When I was in my teens I struggled with the same kinds of sins over and over and over again. Obviously, I’m not perfect so sin is still an issue in my life. But there’s a difference between struggling against the same thing and actually experiencing growth. My lack of success in overcoming sin made me feel confused. Right in the midst of my deep spiritual confusion I encountered two opposite ideas. One view essentially suggested that Christians aren’t expected to overcome because we are saved by grace and God kept the law on our behalf. The other view strongly advocated for overcoming and attaining a state of absolute sinlessness prior to the second coming.
These views created a lot of questions within my mind, but the one question I couldn’t resolve was a sort of thought experiment.
Is the standard of salvation different for a murderer than it is for someone whose only fault is impatience?
I don’t know a single Christian who would defend the idea that a murderer doesn’t need to change in order to be saved. Most would probably say that a murderer who goes on killing hasn’t ever encountered Jesus. We would all happily agree that “No one who abides in Jesus keeps on murdering; no one who keeps on murdering has either seen him or known him.” But somehow the actual words of scripture feel uncomfortable. “No one who abides in [Jesus] keeps on sinning; no one who keeps on sinning has either seen him or known him.” (1 John 3:6)
Because of this unresolved question, I eventually decided that the view of overcoming and reaching a final state of sinlessness in this life was the more biblical position. But this produced further difficulties for me. Basically, I now believed that it was imperative for me to overcome in order to be saved but I wasn’t overcoming.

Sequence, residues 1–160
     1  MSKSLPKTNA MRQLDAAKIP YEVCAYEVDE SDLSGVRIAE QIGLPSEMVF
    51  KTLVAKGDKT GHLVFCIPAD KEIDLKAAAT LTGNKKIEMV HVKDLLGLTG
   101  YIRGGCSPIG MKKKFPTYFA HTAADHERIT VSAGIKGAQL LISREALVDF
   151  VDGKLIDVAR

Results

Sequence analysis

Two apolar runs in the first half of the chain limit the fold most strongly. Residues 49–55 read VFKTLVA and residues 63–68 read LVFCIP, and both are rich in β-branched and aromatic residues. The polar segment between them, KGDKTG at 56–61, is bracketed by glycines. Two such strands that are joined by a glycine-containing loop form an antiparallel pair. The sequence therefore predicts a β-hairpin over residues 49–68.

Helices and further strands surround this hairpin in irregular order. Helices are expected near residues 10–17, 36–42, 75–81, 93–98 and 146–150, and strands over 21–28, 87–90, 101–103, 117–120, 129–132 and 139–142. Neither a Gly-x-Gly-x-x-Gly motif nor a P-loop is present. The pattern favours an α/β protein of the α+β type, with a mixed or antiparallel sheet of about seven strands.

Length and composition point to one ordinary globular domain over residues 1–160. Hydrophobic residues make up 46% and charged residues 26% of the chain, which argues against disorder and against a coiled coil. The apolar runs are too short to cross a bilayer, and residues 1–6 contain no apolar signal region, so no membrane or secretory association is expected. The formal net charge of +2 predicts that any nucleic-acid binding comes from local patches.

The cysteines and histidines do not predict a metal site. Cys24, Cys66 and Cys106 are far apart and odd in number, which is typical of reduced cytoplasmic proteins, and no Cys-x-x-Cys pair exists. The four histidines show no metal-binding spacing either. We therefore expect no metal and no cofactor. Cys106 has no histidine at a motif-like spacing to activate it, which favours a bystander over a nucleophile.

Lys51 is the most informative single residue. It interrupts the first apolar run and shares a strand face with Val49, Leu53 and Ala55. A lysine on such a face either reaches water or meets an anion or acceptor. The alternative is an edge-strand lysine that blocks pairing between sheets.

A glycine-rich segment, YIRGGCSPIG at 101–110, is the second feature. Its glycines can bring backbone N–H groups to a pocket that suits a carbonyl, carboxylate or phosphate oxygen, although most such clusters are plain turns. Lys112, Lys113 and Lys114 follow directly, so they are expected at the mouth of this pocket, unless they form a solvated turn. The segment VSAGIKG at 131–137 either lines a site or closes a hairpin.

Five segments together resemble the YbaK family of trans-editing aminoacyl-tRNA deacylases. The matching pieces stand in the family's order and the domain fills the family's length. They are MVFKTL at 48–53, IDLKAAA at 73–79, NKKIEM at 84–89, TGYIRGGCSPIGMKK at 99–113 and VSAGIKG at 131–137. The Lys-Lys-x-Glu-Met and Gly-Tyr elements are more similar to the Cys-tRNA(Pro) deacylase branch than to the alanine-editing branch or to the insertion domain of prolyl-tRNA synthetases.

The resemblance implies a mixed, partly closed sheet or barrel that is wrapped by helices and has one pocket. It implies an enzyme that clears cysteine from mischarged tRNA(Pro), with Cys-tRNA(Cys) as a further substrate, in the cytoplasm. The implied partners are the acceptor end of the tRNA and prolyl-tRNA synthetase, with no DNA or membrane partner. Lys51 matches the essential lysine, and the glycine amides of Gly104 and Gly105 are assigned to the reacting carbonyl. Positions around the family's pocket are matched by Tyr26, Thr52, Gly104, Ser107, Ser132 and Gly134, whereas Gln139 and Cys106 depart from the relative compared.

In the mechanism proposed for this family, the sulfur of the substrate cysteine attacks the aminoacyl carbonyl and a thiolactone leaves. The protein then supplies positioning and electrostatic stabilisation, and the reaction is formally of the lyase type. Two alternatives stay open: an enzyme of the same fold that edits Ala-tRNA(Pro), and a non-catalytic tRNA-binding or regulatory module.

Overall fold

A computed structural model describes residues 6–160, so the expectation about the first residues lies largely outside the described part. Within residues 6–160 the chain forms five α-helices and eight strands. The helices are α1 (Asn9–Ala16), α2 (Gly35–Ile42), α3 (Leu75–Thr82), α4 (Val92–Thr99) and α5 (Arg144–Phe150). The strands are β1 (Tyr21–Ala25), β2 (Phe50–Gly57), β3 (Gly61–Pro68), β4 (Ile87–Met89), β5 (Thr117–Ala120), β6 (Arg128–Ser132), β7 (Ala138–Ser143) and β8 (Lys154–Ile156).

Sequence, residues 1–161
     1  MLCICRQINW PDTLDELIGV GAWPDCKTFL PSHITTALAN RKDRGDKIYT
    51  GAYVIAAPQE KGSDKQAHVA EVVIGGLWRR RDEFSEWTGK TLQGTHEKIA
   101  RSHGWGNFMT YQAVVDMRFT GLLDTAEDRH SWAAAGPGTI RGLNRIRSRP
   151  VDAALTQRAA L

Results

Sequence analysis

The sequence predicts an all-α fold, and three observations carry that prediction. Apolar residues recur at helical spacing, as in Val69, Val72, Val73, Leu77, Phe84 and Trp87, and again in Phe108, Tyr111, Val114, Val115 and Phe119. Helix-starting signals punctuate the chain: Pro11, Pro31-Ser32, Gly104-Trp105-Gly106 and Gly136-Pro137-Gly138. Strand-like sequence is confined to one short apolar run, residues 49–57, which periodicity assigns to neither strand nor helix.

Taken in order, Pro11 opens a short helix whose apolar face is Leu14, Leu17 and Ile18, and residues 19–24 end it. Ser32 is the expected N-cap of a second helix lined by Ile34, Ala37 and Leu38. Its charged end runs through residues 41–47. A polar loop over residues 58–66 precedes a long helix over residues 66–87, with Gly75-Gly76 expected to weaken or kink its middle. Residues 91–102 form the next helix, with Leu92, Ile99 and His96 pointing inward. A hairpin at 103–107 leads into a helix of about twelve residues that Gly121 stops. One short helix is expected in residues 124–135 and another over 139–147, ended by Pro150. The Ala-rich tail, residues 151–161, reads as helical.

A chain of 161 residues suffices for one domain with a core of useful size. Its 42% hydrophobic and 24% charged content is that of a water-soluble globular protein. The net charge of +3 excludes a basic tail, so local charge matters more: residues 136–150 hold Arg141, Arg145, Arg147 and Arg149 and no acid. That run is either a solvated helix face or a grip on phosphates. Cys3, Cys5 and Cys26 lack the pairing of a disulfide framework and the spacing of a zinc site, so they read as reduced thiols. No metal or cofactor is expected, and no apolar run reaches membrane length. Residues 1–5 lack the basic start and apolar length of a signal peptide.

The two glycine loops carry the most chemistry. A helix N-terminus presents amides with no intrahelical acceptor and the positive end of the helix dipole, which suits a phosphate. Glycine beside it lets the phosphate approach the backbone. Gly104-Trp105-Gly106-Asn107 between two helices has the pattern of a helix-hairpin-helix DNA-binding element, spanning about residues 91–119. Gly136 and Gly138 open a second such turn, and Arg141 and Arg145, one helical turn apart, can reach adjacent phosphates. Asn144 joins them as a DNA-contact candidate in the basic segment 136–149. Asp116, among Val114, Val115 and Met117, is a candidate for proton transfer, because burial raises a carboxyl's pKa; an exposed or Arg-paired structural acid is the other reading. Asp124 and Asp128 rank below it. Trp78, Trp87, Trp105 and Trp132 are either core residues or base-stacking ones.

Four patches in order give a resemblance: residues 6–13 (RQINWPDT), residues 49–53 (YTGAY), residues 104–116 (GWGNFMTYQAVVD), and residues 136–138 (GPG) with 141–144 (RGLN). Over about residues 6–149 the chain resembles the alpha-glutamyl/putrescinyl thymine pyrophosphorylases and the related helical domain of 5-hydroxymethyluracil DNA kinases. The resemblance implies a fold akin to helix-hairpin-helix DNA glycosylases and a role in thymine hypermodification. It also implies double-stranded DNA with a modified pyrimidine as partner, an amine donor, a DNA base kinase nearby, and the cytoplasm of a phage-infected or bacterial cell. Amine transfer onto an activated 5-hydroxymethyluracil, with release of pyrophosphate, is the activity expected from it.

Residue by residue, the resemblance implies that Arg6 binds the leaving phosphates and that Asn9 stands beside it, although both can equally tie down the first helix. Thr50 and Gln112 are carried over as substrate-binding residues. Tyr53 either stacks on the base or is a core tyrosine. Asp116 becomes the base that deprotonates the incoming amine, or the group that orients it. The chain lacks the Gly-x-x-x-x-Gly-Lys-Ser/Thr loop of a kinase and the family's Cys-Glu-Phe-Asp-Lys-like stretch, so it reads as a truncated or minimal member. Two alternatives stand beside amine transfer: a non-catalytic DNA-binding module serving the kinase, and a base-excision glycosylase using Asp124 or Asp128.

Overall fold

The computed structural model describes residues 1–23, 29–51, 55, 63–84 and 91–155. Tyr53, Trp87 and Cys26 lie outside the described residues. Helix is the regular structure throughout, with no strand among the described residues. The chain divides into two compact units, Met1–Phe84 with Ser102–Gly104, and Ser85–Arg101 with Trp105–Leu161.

Throughout the years that followed this period of my life, I tried every biblically-derived method possible to attain spiritual victory.
I fasted and prayed.
I memorized scripture.
I took part in evangelism and missionary endeavors.
I tried to stay busy doing good things.
I removed distractions from my life like movies and social media.
I spent at least an hour every day reading my bible.
But although I could achieve a kind of piecemeal victory (a few weeks here, several months there), none of these methods ever gave me complete and lasting victory over the sins in my life.
Eventually, I found myself hitting a wall. I remember reading a secular book on habit transformation (Atomic Habits, which is awesome) and realizing that my spiritual “victories” were less transformational than secular techniques based on science and research. That being the case what did that say about the God I believed in? If my God was less powerful in my life than behavioral science in the life of an atheist then either (1) God doesn’t exist, (2) God isn’t all-powerful and therefore the Bible is wrong, or (3) my theology was missing something crucial.
As it turned out, I was missing something crucial: a biblical understanding of sin.
The problem of sin
I understood sin to be a collection of choices and habits – actions and things that I did or feelings that were dwelt upon at length. After all, the Bible says that sin is the transgression of the law (1 John 3:4). I also believed that temptations consisted of desires that must be fought and resisted with the help of the Holy Spirit. This belief was based on passages such as James 1:14-15: “But each person is tempted when he is lured and enticed by his own desire. Then desire when it has conceived gives birth to sin, and sin, when it is fully grown, brings forth death.”
In practical terms, this basic understanding of the nature of sin meant that my attempt to overcome looked like this.